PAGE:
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Head of State: A Novel (2014)

by Andrew Marr

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934224,466 (2.94)1
The first novel from Britain's most celebrated political commentator is a gleefully twisted take on what goes on behind the door of 10 Downing Street. It's September 2017, and the United Kingdom is on the verge of a crucial referendum that will determine, once and for all, if the country remains a member of the European Union, or goes its own way. The stakes could not possibly be higher, and the outcome is delicately balanced. But, unsuspected by the electorate, and unknown to all but a handful of members of the Prime Minister's innermost circle, there is a shocking secret at the very heart of government that, were it to become known, would change everything in an instant. A group of ruthlessly determined individuals will stop at nothing - including murder - to prevent that from happening. Andrew Marr's first novel is a darkly comic tale of deception and skulduggery in Downing Street and Whitehall. Making full use of his unrivalled inside knowledge of the British political scene, Marr has created a sparkling entertainment, a wholly original depiction of Westminster and its denizens, and a fascinating, irreverent glimpse behind the parliamentary curtain.… (more)
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Uninteresting; nothing here to motivate me to read further. Could not recommend. Did not finish. ( )
  ColinMcLean | Jun 20, 2020 |
I’ve enjoyed reading Andrew Marr’s accessible history books, & was looking forward to a political thriller by an insider. But this was out & out farce. An interesting idea about the PM keeling over before the referendum vote & a plan to cover-up the event, but the characters were two-dimensional, and I didn’t gain any insight into the inner workings of the political class. Shame. ( )
  LARA335 | Jul 31, 2019 |
I believe that this is Andrew Marr's first novel - I hope it will be his last! He should stick to non-fiction in future.

Marr is an enigmatic and engaging character, and he has been through some sinuous twists of fate over the last few years. Having had a long and successful character as a political journalist, including stints as editor of 'The Independent' and chief political correspondent for the BBC, he branched off into making his own television series and writing popular histories (though the last of these, a history of the world took simplicity and the broad brush to hitherto unplumbed levels), again with great success.

His recent BBC series on Scottish writers, timed to coincide with the Referendum was marvellous, particularly the episodes on Sir Walter Scott and Hugh MacDiarmid. His popularity and public image took a bit of a knock with the revelations of his extra-marital affair, though the outrage was more about the hypocrisy of a senior journalist imposing a super-injunction than from any moral perspective. Certainly there has been widespread pleasure at his return to health following his stroke, and he remains immensely, and deservedly, popular.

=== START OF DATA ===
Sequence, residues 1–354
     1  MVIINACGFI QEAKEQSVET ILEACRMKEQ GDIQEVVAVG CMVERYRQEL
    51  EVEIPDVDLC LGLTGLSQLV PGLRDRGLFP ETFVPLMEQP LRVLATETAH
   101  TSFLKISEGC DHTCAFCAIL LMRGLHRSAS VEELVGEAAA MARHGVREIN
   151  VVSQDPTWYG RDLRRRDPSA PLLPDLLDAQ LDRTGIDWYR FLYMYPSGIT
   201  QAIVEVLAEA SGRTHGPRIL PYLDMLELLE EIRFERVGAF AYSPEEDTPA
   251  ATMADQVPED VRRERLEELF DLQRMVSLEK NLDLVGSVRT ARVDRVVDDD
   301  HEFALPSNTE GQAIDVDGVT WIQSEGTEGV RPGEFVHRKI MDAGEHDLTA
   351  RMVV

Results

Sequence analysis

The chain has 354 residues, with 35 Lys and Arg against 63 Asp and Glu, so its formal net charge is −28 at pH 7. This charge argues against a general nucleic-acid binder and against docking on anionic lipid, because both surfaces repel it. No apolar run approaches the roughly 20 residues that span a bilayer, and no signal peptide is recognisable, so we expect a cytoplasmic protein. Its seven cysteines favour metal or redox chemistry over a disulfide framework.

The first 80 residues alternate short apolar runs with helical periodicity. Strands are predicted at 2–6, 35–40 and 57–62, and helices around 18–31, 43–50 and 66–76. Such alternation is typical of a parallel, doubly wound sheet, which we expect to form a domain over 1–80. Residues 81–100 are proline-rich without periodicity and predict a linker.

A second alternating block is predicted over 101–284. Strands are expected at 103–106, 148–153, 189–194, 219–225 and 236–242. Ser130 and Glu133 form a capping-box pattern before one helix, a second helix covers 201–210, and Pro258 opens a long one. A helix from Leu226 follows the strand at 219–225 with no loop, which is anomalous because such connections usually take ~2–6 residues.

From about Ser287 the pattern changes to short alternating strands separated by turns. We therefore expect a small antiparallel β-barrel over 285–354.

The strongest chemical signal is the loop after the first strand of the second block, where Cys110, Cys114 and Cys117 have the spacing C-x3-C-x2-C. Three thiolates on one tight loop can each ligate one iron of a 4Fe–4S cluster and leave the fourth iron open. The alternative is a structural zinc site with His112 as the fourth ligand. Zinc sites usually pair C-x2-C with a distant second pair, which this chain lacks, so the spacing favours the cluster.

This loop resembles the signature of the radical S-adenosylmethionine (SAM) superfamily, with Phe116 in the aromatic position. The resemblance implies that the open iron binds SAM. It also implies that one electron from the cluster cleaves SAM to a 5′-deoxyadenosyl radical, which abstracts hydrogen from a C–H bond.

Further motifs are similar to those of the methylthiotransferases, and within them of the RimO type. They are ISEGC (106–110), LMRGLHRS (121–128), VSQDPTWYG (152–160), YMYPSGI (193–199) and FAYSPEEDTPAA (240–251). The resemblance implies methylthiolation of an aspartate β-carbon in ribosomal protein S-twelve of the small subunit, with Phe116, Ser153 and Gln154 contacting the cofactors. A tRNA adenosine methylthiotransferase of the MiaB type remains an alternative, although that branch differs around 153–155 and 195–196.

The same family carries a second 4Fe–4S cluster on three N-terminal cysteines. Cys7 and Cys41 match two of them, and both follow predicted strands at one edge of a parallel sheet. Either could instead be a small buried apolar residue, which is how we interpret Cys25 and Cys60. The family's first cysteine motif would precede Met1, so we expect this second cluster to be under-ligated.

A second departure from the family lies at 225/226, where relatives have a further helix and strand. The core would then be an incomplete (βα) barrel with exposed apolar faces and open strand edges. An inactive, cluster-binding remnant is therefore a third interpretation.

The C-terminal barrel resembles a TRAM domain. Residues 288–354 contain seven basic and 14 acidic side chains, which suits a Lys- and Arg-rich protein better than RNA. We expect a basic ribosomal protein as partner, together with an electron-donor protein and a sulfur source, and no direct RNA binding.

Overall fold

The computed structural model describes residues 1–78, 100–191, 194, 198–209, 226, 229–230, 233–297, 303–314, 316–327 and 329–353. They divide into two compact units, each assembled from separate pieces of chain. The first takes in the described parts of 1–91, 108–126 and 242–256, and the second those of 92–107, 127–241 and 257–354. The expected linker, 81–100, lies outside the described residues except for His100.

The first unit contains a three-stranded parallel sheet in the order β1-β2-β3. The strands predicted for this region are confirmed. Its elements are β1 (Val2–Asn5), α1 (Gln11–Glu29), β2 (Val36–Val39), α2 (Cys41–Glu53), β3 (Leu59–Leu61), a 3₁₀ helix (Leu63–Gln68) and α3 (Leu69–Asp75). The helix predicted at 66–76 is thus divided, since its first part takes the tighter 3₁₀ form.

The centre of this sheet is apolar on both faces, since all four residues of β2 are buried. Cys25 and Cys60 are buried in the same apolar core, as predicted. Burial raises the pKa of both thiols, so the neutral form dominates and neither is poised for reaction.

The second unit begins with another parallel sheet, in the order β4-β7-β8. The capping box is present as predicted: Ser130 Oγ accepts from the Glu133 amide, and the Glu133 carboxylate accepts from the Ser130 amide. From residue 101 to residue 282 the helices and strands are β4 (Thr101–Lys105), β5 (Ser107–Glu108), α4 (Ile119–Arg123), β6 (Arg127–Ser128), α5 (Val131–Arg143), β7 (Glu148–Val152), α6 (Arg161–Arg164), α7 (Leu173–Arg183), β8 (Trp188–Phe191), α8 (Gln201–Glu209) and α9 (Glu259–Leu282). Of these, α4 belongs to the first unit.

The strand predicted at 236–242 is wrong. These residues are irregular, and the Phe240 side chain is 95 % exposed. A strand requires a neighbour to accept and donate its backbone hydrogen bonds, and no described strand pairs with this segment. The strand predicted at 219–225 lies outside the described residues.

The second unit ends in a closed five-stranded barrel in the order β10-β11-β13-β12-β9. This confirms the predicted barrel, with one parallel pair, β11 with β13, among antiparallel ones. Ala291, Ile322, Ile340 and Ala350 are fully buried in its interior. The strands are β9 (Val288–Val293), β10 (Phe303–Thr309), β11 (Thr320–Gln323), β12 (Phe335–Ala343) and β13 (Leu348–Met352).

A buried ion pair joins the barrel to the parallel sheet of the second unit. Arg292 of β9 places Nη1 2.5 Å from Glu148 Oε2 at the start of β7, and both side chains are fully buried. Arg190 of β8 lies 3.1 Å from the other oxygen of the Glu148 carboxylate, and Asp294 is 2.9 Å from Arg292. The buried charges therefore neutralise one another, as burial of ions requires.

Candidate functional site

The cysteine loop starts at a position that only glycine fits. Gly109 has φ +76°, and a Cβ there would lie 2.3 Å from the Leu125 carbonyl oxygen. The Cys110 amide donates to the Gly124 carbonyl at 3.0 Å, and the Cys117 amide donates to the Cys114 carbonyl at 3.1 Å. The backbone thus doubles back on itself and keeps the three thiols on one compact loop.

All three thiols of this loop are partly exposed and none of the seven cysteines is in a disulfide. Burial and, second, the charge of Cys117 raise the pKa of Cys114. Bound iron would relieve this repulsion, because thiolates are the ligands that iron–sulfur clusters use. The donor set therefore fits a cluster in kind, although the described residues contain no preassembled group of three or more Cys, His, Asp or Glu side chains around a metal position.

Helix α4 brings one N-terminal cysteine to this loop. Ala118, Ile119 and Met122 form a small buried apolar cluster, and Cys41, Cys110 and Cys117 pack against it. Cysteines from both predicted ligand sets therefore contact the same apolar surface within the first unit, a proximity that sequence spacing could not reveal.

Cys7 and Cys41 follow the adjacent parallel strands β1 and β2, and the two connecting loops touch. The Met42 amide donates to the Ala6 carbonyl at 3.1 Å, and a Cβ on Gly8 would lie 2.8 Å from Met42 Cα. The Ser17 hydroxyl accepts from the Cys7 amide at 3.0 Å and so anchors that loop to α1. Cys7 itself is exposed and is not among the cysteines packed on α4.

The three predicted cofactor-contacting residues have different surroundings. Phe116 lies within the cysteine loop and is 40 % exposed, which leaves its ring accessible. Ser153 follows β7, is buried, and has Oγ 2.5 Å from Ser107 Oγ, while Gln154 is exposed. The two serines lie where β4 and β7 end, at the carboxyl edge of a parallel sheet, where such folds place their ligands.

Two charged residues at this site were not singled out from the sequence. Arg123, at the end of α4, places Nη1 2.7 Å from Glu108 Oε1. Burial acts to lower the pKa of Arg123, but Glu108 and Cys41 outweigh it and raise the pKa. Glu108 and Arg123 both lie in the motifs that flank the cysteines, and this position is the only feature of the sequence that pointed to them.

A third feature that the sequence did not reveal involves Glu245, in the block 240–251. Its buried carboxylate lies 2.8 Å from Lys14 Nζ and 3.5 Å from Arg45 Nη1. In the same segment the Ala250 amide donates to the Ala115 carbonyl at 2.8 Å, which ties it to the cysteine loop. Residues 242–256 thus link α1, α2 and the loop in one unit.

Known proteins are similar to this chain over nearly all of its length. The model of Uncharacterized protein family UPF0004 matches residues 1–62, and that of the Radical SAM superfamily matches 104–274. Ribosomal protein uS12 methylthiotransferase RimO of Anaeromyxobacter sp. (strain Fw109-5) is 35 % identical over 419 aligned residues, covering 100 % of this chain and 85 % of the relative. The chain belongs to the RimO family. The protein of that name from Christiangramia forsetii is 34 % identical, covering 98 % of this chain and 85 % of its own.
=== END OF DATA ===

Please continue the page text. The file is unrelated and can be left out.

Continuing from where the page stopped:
But now this! The most popular of entertainers must surely know that one can test one's public that little bit too far! I was expecting a political thriller on a par with Gavin Esler's 'A Scandalous Man' or Martin Sixsmith's 'Spin' but I was sold a dreadful dummy here. this was like looking forward to an episode of 'Have I Got New For You?' but finding that the guests are Glenda Jackson and Anne Robinson, and Stanley Johnson is chairing it. ( )
  Eyejaybee | Oct 1, 2014 |
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The first novel from Britain's most celebrated political commentator is a gleefully twisted take on what goes on behind the door of 10 Downing Street. It's September 2017, and the United Kingdom is on the verge of a crucial referendum that will determine, once and for all, if the country remains a member of the European Union, or goes its own way. The stakes could not possibly be higher, and the outcome is delicately balanced. But, unsuspected by the electorate, and unknown to all but a handful of members of the Prime Minister's innermost circle, there is a shocking secret at the very heart of government that, were it to become known, would change everything in an instant. A group of ruthlessly determined individuals will stop at nothing - including murder - to prevent that from happening. Andrew Marr's first novel is a darkly comic tale of deception and skulduggery in Downing Street and Whitehall. Making full use of his unrivalled inside knowledge of the British political scene, Marr has created a sparkling entertainment, a wholly original depiction of Westminster and its denizens, and a fascinating, irreverent glimpse behind the parliamentary curtain.

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